Trestle Table – Episode 9

Trestle Dining Table 9

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We are ready to glue up the base-frame assembly, which is made easier by having already glued up the end frame sub-assemblies. With that done, Paul glues on the infills and cuts the turnbuttons before edge jointing and gluing up the table top.

14 Comments

  1. knightlylad on 25 June 2015 at 12:13 am

    Thank you for the lesson.

  2. Adams.rt on 25 June 2015 at 12:19 am

    Nice demonstrations of some of the more involved glue ups I’ve seen on WWMC. I really appreciated your honest portrayal of the slight elevation in stress you still experience after 50+ years of glue-ups. I definitely have to take a deep breath and calm myself in most of my glue-ups. It’s nice to know it’s a natural feeling among woodworkers of all experience levels.

  3. chasabel on 25 June 2015 at 12:52 am

    Why use such a fast setting glue? There are slower setting glues that I’m sure would do the job.
    I used liquid hide glue once to glue a handle on a drawer front and decided I’d made a mistake
    and in less than 1/2 hour it tore the wood away from the drawer front in getting it off.

  4. mcael on 25 June 2015 at 2:19 pm

    Coming together quite nicely, when you have finished the table Paul, can you make a carver chair to go with it.

    • Eddy Flynn on 26 June 2015 at 9:32 pm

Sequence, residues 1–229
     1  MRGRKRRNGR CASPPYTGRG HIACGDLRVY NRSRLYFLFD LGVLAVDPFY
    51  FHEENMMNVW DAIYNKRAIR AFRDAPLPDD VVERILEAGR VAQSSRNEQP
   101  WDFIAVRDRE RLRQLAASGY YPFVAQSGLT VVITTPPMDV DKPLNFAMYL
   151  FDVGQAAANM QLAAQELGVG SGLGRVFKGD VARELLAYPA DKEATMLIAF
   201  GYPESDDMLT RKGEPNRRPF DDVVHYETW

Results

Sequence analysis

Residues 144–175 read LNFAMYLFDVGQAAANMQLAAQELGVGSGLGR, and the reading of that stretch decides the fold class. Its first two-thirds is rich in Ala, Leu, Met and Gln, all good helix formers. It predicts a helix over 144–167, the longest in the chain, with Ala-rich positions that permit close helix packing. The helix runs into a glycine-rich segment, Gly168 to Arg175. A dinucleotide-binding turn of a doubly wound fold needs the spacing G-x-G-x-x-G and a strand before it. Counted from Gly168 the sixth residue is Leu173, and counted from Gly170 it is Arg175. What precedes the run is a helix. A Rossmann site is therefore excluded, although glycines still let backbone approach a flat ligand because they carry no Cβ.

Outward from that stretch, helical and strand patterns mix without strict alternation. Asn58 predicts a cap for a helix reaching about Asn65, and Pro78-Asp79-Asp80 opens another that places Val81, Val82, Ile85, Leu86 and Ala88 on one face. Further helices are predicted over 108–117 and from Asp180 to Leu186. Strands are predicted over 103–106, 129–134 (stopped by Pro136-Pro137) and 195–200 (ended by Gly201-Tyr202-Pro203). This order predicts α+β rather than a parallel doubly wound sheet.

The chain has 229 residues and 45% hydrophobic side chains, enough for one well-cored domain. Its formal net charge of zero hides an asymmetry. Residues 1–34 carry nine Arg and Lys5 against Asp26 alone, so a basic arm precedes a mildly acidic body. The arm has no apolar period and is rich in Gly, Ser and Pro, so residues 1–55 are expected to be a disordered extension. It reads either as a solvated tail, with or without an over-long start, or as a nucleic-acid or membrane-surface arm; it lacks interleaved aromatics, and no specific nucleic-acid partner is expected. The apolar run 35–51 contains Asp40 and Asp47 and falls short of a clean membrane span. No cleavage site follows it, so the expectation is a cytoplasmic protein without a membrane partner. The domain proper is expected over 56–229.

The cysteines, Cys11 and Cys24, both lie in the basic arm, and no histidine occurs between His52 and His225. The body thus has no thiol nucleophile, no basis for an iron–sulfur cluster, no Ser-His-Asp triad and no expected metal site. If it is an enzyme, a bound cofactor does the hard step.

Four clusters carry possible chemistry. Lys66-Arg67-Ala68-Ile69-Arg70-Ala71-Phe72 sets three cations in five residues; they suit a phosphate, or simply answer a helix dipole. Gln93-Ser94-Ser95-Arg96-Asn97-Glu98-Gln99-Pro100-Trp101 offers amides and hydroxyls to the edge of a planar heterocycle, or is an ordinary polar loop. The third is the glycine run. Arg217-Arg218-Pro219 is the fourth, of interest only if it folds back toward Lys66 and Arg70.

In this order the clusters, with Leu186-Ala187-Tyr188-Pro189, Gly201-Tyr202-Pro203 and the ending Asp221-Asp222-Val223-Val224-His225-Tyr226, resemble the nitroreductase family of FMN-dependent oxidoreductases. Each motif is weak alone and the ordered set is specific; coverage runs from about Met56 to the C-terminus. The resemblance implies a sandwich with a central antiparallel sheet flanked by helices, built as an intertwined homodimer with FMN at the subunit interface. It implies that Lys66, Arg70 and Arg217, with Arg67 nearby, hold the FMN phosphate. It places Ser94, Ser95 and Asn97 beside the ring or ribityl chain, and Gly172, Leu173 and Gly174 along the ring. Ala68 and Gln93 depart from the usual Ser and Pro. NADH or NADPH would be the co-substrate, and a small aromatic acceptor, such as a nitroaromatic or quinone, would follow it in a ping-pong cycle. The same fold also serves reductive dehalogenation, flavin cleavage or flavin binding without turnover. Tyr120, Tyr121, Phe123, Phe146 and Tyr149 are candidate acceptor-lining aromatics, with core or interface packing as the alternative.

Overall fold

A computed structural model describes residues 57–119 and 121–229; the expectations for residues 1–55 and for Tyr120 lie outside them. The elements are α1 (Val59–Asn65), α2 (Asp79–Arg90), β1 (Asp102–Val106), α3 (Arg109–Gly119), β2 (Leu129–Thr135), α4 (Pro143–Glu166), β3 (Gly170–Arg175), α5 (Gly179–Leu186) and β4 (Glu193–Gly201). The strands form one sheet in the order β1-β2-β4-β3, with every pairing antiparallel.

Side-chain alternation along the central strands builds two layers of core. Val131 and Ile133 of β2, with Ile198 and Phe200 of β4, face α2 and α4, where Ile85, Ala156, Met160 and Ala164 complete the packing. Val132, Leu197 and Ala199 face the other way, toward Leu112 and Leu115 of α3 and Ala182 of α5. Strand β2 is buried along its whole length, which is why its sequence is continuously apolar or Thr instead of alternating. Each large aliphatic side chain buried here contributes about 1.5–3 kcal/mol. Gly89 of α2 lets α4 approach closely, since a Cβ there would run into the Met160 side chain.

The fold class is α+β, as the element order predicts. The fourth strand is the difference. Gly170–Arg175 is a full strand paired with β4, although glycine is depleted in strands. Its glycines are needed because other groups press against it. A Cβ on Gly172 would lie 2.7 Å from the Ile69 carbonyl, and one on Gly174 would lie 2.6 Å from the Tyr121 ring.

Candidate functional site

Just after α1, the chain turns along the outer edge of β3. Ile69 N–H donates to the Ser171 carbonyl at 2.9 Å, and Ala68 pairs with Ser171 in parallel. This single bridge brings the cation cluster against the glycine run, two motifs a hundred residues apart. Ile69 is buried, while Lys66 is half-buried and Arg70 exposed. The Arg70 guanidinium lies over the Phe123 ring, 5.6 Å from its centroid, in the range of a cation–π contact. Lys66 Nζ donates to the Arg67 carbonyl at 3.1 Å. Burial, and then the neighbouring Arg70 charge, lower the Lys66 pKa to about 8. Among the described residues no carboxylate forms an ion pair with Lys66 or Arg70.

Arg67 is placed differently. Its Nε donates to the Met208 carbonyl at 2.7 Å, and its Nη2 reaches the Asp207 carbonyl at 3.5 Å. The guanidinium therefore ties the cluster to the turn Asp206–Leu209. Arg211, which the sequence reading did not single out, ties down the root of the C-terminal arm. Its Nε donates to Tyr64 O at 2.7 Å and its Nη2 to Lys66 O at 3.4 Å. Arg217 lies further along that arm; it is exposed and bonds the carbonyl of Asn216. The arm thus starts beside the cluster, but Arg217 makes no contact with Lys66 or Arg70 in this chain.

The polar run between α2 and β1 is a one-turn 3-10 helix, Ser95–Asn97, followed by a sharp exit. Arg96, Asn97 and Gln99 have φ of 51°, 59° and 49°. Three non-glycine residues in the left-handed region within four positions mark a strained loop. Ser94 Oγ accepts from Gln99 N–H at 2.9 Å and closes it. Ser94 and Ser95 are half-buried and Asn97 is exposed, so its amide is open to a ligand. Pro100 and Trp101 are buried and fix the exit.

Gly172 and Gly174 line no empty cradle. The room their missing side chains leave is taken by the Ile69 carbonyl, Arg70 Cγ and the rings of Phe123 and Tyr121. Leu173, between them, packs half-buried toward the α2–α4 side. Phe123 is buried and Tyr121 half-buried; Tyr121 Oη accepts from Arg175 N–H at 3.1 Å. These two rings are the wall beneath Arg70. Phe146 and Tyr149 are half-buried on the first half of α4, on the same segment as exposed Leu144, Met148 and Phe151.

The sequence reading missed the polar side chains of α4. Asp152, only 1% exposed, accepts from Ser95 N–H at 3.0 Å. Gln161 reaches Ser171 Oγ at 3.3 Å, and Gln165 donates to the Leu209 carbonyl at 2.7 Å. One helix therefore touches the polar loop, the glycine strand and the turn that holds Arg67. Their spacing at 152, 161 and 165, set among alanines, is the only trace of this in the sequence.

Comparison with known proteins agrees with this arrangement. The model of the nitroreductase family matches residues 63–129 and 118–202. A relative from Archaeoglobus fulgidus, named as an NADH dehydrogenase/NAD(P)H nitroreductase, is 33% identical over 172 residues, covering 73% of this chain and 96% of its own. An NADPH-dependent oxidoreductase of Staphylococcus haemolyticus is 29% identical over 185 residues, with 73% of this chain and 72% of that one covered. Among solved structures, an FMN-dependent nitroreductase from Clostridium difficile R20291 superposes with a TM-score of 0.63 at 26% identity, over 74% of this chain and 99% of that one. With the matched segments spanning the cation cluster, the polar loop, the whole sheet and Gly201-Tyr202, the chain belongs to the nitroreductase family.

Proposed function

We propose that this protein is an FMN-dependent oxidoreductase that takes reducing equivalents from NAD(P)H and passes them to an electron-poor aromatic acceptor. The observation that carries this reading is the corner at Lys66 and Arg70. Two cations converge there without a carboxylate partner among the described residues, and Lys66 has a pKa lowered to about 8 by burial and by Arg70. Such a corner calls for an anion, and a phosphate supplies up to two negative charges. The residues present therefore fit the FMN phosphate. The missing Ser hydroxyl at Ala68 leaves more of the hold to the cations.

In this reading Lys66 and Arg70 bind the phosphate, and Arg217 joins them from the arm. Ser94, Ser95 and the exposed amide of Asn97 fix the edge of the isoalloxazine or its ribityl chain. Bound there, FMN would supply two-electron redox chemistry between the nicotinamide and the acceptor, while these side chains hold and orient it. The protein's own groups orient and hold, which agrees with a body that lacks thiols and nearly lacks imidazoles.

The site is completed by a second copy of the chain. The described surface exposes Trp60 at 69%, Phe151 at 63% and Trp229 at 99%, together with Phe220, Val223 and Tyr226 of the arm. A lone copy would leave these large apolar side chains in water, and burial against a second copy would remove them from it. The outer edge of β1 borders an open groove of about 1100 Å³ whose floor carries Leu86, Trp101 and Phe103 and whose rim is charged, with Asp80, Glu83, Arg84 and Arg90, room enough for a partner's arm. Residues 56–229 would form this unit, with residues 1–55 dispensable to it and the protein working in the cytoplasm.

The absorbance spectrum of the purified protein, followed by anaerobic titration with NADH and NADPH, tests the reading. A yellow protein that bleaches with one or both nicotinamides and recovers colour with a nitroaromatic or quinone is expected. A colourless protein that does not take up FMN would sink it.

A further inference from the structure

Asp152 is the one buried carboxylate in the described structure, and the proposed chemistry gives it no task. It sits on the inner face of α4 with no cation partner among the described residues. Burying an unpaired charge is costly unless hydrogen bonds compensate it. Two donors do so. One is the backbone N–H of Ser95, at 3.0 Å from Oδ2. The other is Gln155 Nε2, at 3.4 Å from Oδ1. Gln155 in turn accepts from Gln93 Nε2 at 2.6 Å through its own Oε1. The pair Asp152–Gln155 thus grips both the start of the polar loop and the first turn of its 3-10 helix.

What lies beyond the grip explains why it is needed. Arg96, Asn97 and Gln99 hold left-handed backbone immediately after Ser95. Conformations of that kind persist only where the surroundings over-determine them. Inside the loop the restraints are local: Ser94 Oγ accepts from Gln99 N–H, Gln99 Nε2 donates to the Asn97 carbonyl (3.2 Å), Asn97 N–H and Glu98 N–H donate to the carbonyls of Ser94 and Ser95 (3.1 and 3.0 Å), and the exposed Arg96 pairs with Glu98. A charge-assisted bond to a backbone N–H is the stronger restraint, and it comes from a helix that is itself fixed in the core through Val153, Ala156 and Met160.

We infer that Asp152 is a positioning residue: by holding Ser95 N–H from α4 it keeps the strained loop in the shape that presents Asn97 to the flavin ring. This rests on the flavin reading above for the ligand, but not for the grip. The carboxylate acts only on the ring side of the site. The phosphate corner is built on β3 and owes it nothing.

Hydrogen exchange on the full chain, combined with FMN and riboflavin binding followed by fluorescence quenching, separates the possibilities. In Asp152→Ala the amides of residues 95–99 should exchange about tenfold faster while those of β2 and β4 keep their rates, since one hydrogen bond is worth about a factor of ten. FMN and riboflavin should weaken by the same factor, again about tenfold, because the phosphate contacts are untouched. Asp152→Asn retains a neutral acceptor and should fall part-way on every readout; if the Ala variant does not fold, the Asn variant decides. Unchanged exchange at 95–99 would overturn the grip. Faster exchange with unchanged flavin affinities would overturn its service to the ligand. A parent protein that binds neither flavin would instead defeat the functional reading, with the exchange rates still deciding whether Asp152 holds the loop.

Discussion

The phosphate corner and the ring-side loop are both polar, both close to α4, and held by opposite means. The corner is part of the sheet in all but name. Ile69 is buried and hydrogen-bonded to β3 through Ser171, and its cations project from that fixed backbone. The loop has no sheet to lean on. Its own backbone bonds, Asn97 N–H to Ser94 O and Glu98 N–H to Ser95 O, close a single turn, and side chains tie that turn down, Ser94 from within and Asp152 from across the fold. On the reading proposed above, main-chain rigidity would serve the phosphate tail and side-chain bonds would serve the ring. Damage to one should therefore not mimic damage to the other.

i believe a dining chair is the next but one project

      • mcael on 26 June 2015 at 11:40 pm

        I hope so, can’t have a table of this quality without any chairs

  5. david o'sullivan on 26 June 2015 at 12:23 am

    i love you Paul and would be more than happy to help with any future glue ups .this is a beautiful table especially the design element

  6. terrence on 27 June 2015 at 4:48 am

    Fun watching a project come together.

  7. Joshua P on 28 June 2015 at 8:26 pm

    Paul,

    I have really enjoyed watching this trestle table come together. I am wanting to make a coffee table sized version out of walnut. (I have noticed a version of this on your website here.)
    Would it be possible to share the materials and cut list, as well the adaptations necessary?

    Thanks,
    Joshua

  8. Sandy on 1 July 2015 at 4:46 pm

    I can’t wait to get a chance to build this one. My wife has been informed that there will be a new dinning table in the near future.

  9. jsoderquist on 21 November 2015 at 4:36 pm

    You always manage to make me laugh Mr. Sellers. ‘You probably have people that love you and care for you.’ Classic.

  10. frankritorto on 29 November 2018 at 1:27 am

    I was just wondering how you determine if breadboard ends are necessary or not? Is it purely application? For example, you expect a dining table to remain in a climate controlled room of the house with a consistent humidity level? There is a project for a breadboard end cutting board. Again in this instance, breadboard ends were a feature due to application?

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